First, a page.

Though he's showing progress with a lower-body injury that occurred in Game 1 of a Western Conference Second Round series against the Minnesota Wild, Shaw will miss Game 6 on Tuesday at Xcel Energy Center (9 p.m. ET; CNBC, TSN, RDS2).
It will be the third straight trip to St. Paul he won't make, after sitting out Game 3 and Game 4 this past week. Chicago leads the best-of-7 series 3-2 after grinding out a 2-1 victory Sunday in Game 5 at United Center.
Shaw is supposed to start skating again in the next day or two.
"He's progressing, but he's not on the trip," Blackhawks coach Joel Quenneville said Monday.
Shaw's playing status has gone 360 degrees in the series. The Blackhawks labeled the scrappy forward "day-to-day" because of the undisclosed injury, which occurred during a hit in Game 1 by Wild defenseman Clayton Stoner.
That assessment was revised prior to Chicago's first trip to Minnesota for Game 3, but Quenneville didn't sound optimistic about his return in the series during the two-day break prior to Game 4.
Now, things are starting to trend upward again for Shaw.
"We said 'day-to-day' at the beginning of the series, but now he's getting closer to 'day-to-day,'" Quenneville said, drawing laughs. "I don't think there are too many Shaws around the League, so he's a unique player. We like him."
One thing that's not in doubt is how much the Blackhawks have missed without Shaw in the lineup. Despite his 5-foor-10, 180-pound size, Shaw is one of the grittiest players on the team. He's not afraid to pay the physical toll that comes with playing around the net offensively, both at even strength and for the top power-play unit.
Without him, Quenneville has put the onus on 6-foot-4, 233-pound forward Bryan Bickell to fight his way through heavy traffic in front of Wild goalie Ilya Bryzgalov and park his body there to provide a big screen and scrap for rebounds.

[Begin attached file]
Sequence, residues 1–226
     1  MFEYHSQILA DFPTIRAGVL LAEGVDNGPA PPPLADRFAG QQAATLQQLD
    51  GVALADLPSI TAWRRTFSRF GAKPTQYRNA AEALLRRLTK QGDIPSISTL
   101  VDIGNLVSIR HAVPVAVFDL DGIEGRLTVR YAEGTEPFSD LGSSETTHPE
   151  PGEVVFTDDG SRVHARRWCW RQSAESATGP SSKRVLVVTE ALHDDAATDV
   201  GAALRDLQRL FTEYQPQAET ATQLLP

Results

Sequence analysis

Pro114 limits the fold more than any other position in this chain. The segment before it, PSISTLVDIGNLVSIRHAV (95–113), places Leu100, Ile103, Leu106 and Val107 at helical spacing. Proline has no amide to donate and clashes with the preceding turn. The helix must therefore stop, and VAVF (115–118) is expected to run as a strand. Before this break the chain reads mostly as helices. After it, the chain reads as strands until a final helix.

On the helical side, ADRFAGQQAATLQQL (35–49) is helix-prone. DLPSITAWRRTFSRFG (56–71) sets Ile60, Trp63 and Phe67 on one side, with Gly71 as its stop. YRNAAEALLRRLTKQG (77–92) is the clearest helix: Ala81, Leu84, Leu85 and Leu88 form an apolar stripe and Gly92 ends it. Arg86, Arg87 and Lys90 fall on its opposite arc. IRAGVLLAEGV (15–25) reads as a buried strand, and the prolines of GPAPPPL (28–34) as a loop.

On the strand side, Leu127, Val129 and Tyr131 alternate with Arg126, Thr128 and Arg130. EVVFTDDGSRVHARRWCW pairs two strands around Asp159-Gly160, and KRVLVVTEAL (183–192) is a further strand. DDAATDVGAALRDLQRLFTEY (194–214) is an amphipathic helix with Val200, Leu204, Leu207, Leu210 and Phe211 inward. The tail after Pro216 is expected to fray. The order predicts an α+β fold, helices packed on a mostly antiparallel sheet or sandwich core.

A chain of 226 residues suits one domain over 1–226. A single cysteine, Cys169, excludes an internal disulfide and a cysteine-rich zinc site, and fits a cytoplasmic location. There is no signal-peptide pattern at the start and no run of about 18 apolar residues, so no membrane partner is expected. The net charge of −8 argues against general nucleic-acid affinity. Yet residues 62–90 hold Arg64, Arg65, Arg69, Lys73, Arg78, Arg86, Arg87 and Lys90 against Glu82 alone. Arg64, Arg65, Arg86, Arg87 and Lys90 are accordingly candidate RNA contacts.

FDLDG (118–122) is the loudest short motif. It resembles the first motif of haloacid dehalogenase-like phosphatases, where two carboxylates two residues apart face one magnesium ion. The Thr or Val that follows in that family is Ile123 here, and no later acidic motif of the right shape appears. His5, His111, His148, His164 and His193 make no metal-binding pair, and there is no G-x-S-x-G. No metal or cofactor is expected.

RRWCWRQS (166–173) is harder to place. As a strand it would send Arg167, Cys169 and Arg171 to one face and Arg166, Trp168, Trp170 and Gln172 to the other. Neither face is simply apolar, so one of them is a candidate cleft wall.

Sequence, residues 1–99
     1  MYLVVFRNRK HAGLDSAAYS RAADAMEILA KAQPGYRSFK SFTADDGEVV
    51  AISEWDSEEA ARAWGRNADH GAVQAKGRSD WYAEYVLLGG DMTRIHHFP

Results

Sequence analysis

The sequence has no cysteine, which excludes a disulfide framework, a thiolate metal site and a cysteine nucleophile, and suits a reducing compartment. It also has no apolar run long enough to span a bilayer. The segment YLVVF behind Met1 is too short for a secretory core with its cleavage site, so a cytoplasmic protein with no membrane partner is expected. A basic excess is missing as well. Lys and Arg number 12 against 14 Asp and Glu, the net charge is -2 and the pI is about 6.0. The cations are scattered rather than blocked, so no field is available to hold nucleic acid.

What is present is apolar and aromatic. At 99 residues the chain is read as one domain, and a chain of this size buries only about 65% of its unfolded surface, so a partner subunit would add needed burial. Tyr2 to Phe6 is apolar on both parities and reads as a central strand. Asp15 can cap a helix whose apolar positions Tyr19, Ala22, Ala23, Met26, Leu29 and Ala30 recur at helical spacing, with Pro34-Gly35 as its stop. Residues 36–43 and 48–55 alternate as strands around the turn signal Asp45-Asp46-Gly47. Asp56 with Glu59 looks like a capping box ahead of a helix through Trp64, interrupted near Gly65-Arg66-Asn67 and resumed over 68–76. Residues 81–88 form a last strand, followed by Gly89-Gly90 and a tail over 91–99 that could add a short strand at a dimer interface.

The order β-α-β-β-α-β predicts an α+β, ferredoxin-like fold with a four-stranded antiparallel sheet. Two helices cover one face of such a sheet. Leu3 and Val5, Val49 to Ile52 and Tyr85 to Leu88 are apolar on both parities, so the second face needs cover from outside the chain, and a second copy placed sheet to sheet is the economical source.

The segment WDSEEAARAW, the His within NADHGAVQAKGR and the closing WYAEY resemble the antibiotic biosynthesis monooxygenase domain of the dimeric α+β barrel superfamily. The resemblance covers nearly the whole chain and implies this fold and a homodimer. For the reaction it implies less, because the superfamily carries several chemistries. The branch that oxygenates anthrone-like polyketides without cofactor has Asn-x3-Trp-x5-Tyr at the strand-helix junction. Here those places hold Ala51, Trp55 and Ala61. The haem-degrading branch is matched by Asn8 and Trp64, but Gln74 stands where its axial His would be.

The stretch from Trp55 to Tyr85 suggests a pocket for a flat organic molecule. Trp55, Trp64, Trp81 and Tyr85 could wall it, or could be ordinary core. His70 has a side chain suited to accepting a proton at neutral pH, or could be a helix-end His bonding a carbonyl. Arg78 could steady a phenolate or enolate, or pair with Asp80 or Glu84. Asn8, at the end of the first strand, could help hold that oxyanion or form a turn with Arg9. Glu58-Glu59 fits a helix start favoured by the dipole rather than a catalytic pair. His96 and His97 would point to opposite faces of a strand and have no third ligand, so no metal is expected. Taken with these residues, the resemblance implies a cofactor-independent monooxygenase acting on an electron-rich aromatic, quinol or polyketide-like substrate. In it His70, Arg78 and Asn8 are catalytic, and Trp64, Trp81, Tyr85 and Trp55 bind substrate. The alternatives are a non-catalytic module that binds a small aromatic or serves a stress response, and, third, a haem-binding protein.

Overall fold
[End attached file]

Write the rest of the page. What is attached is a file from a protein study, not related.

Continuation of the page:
The plan worked on Chicago's first goal Sunday. Bickell, playing Shaw's spot on the top power-play unit, became a statue in front of Bryzgalov and had a puck shot by right wing Patrick Kane hit the shaft of his stick and bounce into the net to tie the game 1-1.
"I haven't really had a lot of looks this year on the power play," Bickell said Monday prior to boarding the Blackhawks' charter flight bound for Minnesota. "[Shaw's] been there all year and does a great job for a little guy. For me to step up and help the power play with screens or tips, it's huge to get our special teams going."
Aside from stepping up, Bickell is helping Shaw calm down about missing so many consecutive games in the Stanley Cup Playoffs. Bickell knows what it's like to sit out with injuries after being sidelined by a couple this season. He also knows what it's like to play through the pain of an injury in the postseason.
After tearing the MCL in his right knee during the final game of the Western Conference Final last year, Bickell played all six games of the 2013 Stanley Cup Final against the Boston Bruins. He even scored a huge goal late in regulation of Game 6 that set up former Blackhawks forward David Bolland's dramatic, Cup-clinching goal 17 seconds later.
"[Shaw] texted me a couple of times and asked, 'How did you do it?' from last year," Bickell said. "This year when I got hurt [in the regular season] it was a similar situation. It's just a battle. It's a lot mental. There's going to be a time soon enough that he's going to be back on the ice and willing to get back in the lineup. I've been down that road. It's a tough bounce, but he's truly missed."
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